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Responsibility for the murder of King Duncan?

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Which character do you consider to hold the most responsibility for the murder of King Duncan? Macbeth or Lady Macbeth It is hard to decide which of the two characters, Macbeth or Lady Macbeth, holds the most responsibility for the murder of King Duncan, as it is possible to think of both of them being equally to blame. Macbeth and Lady Macbeth are both very ambitious characters and this will be looked at in this essay as part of the analysis of their contribution to Duncan's murder. This essay will show how Lady Macbeth continuously influences Macbeth and Macbeth follows her every instruction. My essay will discuss both characters' involvement and it will determine which one is the most culpable for King Duncan's death. My first point will look at how Lady Macbeth persuades Macbeth to continue developing the plan for King Duncan's demise. The first time that we see Lady Macbeth playing a part in the murder, is her reaction to the content of Macbeth's letter. Immediately after reading the letter her initial decision is that, Macbeth must become king and she shows great determination, this can be supported with: "and shalt be / What thou art promised;" Merely a short time later Lady Macbeth says, "To catch the nearest way." ...read more.


Hell is also described as being torturous and burning, so "smoke of hell" is very evil language that Lady Macbeth uses. Then when Lady Macbeth hears of King Duncan's arrival, she does not think of preparations for his stay but of his death: "He brings great news." Her murderous plot can now continue, and we also see that Lady Macbeth is unwilling to let destiny take its course and wants to make her own future. This thought continues through the whole play up until the final point where the murder is committed, which can be seen when she says, "I feel now the future in the instant." Macbeth also wants to make his own destiny and shows his first thought of murder when he says, "My thought, whose murder" This is halfway through Macbeth's speech having just met the three witches, and Macbeth thinks of killing Duncan again when saying, "Whose horrid image doth unfix my hair." This idea has not been put into Macbeth's mind by anyone other than himself. Macbeth becomes very confused and disorientated in his understanding of what is right and what is wrong, shown when he says, "This supernatural soliciting / Cannot be ill cannot be good." ...read more.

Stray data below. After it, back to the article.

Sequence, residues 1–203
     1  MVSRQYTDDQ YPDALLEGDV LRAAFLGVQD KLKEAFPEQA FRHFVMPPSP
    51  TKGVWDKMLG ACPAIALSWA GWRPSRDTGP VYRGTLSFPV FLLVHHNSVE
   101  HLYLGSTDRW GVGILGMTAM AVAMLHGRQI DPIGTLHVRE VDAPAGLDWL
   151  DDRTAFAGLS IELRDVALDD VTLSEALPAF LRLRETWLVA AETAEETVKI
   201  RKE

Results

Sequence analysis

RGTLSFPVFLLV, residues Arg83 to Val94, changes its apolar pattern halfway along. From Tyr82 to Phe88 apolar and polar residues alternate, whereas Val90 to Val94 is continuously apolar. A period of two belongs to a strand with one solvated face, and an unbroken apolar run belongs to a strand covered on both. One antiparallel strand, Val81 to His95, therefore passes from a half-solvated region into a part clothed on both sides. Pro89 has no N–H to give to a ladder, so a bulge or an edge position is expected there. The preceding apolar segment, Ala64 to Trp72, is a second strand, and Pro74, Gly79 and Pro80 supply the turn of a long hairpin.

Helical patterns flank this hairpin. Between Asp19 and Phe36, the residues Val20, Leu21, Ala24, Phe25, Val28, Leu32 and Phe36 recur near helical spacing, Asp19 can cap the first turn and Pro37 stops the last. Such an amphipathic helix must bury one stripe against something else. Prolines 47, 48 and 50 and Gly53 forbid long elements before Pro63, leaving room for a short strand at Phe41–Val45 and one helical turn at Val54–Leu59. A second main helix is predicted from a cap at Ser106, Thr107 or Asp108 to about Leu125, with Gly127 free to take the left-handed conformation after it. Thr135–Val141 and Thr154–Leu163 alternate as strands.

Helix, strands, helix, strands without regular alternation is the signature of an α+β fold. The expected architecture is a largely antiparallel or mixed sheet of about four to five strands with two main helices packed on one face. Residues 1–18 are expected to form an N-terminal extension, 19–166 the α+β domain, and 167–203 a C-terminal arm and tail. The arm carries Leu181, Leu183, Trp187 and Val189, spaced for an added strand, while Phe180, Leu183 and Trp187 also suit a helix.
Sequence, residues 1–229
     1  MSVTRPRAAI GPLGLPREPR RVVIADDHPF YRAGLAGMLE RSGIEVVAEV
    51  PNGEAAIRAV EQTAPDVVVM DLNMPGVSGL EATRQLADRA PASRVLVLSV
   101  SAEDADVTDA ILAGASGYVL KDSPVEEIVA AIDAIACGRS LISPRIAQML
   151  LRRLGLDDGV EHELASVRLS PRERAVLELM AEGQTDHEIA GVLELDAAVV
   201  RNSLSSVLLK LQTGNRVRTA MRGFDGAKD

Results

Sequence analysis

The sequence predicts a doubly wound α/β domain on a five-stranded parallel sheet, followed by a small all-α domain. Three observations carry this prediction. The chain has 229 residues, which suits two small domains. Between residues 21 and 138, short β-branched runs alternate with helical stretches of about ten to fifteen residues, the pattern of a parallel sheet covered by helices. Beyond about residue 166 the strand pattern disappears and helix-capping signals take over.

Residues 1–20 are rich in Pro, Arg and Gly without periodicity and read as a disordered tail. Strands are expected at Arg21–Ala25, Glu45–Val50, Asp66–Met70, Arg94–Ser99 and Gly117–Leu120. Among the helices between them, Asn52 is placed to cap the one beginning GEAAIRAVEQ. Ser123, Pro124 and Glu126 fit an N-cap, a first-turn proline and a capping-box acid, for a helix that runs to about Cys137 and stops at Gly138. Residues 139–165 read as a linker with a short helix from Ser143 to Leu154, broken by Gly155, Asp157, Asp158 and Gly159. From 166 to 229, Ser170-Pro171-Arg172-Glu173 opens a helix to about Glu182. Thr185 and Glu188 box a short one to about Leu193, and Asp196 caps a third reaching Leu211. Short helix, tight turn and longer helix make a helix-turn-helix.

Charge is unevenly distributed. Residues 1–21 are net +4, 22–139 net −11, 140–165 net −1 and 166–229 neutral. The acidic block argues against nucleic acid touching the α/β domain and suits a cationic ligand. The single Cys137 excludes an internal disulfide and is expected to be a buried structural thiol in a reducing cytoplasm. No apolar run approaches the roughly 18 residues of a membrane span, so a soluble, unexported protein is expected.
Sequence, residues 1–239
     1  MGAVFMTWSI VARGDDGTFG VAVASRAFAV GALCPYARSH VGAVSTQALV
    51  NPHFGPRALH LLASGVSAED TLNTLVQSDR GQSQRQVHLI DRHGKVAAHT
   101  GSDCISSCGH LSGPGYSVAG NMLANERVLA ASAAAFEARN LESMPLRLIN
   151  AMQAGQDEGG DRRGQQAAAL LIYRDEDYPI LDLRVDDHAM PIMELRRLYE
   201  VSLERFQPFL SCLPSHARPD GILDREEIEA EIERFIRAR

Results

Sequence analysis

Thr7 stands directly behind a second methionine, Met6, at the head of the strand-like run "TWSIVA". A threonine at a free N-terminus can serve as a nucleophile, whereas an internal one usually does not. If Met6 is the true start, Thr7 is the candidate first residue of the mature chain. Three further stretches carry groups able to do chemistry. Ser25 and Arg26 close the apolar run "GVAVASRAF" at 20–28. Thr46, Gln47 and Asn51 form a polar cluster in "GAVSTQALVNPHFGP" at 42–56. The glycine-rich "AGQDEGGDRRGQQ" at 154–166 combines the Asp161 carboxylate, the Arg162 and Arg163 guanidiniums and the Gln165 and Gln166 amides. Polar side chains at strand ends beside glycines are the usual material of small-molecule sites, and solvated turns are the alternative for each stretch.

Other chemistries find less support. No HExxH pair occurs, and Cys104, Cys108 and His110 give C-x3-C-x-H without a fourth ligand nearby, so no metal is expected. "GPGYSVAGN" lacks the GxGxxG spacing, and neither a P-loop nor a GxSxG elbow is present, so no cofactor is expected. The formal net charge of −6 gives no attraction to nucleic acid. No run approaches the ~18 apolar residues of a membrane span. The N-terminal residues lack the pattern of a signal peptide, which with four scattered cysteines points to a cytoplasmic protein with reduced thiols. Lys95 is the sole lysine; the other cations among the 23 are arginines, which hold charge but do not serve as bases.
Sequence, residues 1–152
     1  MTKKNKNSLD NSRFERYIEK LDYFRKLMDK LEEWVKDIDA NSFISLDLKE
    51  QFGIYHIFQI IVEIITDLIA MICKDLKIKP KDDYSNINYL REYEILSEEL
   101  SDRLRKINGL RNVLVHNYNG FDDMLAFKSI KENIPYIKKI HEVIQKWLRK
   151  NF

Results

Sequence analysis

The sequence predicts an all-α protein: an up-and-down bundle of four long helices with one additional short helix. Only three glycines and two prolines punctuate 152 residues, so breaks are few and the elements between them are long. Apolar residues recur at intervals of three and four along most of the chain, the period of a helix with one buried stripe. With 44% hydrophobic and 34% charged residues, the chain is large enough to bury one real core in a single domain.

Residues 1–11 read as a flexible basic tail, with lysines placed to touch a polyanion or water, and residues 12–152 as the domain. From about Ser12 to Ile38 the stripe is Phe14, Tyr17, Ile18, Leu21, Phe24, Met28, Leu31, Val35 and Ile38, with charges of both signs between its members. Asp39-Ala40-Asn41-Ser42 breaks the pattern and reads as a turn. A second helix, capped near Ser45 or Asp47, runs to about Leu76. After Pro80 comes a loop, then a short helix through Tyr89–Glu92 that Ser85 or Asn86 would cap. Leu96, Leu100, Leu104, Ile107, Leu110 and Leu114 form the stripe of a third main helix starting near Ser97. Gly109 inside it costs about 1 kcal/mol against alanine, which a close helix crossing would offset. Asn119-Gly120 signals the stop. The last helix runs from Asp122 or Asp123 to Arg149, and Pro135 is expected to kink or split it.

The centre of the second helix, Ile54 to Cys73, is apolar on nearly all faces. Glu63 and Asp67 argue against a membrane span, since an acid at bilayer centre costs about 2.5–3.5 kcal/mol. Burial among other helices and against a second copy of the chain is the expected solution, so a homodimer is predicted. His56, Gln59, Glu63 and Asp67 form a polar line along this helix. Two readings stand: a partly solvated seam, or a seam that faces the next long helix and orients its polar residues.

walk," As Macbeth leaves to commit the murder his last words are, "Hear it not, Duncan, for it is a knell / That summons thee to heaven or to hell." Here Macbeth is cold, determined and purposeful, and Macbeth does not show any doubt as he leaves to carry out the deed at the end of the soliloquy. This essay clearly shows which character is most responsible for the demise of Duncan. Evidently Lady Macbeth is responsible in the way that she was determined at all times and only had one momentary doubt throughout the whole play. Looking at the consequences after the murder, Lady Macbeth does go on to kill herself. This illustrates that Lady Macbeth regrets the decision that she made and that she bears the guilt of the murder. In contrast to this Macbeth committed the crime without any doubt even though he had doubted before he was coerced to continue with the murder. Having murdered once Macbeth continued to murder, seeming to have acquired a taste for it, supplying us with the evidence that Macbeth was more responsible for the murder, due to his actually carrying out the deed and continuing to murder other innocent parties without a second thought. 15th March 2004 Emily Tiernan ...read more.

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